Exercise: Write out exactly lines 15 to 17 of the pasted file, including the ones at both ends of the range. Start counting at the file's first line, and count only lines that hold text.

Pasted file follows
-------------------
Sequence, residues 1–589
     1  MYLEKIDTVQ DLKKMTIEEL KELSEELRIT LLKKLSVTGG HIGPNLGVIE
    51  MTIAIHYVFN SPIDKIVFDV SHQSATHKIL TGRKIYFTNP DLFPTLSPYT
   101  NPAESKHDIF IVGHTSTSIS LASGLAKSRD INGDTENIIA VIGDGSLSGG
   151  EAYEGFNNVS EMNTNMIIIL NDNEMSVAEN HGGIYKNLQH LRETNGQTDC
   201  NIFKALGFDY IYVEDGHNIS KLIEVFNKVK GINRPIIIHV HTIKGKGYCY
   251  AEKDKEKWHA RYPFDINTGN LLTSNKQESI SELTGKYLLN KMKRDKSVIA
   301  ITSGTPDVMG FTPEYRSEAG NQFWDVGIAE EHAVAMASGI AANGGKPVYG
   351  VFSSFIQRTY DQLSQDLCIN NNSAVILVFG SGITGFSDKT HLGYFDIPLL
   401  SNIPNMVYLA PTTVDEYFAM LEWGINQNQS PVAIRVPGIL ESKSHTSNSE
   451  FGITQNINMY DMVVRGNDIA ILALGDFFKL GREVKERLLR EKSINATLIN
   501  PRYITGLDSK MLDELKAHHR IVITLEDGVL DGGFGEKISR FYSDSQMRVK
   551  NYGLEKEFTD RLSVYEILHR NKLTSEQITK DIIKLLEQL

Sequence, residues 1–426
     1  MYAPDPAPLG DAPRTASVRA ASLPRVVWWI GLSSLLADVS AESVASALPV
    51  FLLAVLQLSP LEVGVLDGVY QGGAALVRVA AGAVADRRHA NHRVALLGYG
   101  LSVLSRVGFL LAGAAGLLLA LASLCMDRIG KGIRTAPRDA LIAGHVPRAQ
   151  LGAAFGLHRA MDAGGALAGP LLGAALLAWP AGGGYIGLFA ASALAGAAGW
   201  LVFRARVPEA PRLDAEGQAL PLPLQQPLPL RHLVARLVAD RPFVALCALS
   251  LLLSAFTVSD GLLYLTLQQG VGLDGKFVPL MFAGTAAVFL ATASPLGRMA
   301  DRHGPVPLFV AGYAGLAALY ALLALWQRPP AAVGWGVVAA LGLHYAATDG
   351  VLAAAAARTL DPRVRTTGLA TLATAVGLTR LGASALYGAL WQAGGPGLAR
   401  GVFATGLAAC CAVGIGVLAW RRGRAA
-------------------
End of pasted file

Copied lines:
     1  MYAPDPAPLG DAPRTASVRA ASLPRVVWWI GLSSLLADVS AESVASALPV
    51  FLLAVLQLSP LEVGVLDGVY QGGAALVRVA AGAVADRRHA NHRVALLGYG
   101  LSVLSRVGFL LAGAAGLLLA LASLCMDRIG KGIRTAPRDA LIAGHVPRAQ